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This question already has an answer here:

I need to run same command separately for each file at the same time.

I've tried

for file in *.txt; do ./script <"$file"; done

but It starts the first one and waits until it get finished then goes to the next one.

I need to start them all together.

marked as duplicate by Gilles 'SO- stop being evil' command-line Sep 21 '16 at 22:06

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3

If script doesn't require any input from the user, you could use the shell's job processing features to run it in the background

for file in *.txt; do ./script <"$file" & done

When you append & to a command it's run in the background. Look up job control in the man page for bash (or your preferred shell) for details.

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ls *.txt > list
cat list | parallel './script {}' &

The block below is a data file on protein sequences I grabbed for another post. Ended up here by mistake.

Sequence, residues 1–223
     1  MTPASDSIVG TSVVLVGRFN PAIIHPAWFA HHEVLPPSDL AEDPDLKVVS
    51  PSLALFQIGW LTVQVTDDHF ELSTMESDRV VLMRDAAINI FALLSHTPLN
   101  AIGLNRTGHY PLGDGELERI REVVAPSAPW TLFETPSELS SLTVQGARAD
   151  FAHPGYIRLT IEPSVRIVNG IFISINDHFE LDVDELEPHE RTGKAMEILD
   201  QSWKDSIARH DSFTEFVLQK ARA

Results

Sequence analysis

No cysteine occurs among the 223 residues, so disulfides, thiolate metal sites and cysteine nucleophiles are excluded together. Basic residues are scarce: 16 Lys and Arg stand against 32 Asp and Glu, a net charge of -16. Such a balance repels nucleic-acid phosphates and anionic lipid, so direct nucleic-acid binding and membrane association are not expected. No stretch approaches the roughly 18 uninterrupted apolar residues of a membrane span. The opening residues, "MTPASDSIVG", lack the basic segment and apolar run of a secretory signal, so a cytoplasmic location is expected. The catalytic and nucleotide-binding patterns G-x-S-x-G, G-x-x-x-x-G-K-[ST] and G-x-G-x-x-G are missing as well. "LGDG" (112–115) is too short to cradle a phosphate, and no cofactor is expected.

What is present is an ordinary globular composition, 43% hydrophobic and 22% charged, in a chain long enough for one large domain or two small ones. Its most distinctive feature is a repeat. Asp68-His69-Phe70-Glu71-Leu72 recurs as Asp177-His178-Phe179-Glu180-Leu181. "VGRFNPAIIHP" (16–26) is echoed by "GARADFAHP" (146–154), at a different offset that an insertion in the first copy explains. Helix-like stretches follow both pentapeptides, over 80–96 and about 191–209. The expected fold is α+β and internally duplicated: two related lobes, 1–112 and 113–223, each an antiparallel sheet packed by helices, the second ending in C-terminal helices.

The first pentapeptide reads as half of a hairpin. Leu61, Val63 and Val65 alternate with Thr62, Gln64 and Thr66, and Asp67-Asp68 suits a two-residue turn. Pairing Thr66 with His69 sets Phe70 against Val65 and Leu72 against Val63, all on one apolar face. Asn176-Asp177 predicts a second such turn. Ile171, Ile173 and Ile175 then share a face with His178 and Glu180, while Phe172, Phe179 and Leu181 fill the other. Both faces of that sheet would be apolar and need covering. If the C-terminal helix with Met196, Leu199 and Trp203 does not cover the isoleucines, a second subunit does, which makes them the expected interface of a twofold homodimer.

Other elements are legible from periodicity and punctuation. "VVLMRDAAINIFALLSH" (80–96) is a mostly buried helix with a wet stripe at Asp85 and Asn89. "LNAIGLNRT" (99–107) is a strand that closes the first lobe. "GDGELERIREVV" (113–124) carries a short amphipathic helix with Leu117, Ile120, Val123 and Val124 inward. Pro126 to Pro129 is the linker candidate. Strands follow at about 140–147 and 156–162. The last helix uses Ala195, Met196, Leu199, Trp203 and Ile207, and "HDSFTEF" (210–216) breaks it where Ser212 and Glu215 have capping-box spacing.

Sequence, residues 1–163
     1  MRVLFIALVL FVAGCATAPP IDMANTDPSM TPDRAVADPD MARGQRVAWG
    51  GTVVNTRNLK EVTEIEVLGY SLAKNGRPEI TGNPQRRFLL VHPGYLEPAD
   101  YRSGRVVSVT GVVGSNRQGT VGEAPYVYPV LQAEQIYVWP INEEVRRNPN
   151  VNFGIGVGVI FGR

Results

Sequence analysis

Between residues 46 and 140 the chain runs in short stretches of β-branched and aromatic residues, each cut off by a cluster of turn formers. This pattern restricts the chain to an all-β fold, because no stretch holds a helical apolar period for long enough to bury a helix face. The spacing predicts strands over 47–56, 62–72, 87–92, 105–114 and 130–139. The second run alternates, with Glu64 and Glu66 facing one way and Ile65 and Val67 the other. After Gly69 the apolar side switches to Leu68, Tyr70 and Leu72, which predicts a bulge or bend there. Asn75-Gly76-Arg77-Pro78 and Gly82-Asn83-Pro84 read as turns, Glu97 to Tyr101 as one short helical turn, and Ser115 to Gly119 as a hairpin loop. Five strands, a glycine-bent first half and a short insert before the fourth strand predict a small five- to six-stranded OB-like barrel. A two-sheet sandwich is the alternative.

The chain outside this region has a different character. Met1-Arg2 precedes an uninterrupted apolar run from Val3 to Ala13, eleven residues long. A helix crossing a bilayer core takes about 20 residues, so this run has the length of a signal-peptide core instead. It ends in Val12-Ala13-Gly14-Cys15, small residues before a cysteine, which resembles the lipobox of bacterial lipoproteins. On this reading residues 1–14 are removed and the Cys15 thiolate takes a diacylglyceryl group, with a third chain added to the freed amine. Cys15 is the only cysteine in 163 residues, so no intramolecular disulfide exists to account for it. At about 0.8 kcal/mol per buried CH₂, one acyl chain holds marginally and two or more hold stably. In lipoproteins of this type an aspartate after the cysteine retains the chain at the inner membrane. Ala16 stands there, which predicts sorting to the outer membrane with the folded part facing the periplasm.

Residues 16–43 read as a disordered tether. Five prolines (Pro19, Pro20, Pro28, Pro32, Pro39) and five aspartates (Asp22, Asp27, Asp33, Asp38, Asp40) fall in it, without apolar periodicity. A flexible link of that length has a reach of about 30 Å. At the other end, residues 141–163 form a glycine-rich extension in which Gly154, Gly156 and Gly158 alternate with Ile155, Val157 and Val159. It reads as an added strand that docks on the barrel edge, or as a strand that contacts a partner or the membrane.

wait

First list out the txt files in list file. parallel command will run the script on each file_name in background. Last wait command will wait for all the background jobs to finish then you can proceed for further commands.

  • What about ls -d *.txt | parallel './script {}'? I'm pretty sure you don't need to put parallel in the background only to wait for it. – roaima Sep 21 '16 at 9:15
  • don't parse ls: printf "%s\n" *.txt | parallel './script {}' – glenn jackman Sep 21 '16 at 19:37
  • @glennjackman what's the difference in this situation between ls -d *.txt and printf "%s\n" *.txt? Both break on file names containing \n. Both depend on parallel to "do the right thing" with weird characters in the filenames. – roaima Sep 21 '16 at 20:05
  • You don't need ls or printf for this... parallel alone can do it. – don_crissti Sep 21 '16 at 22:07

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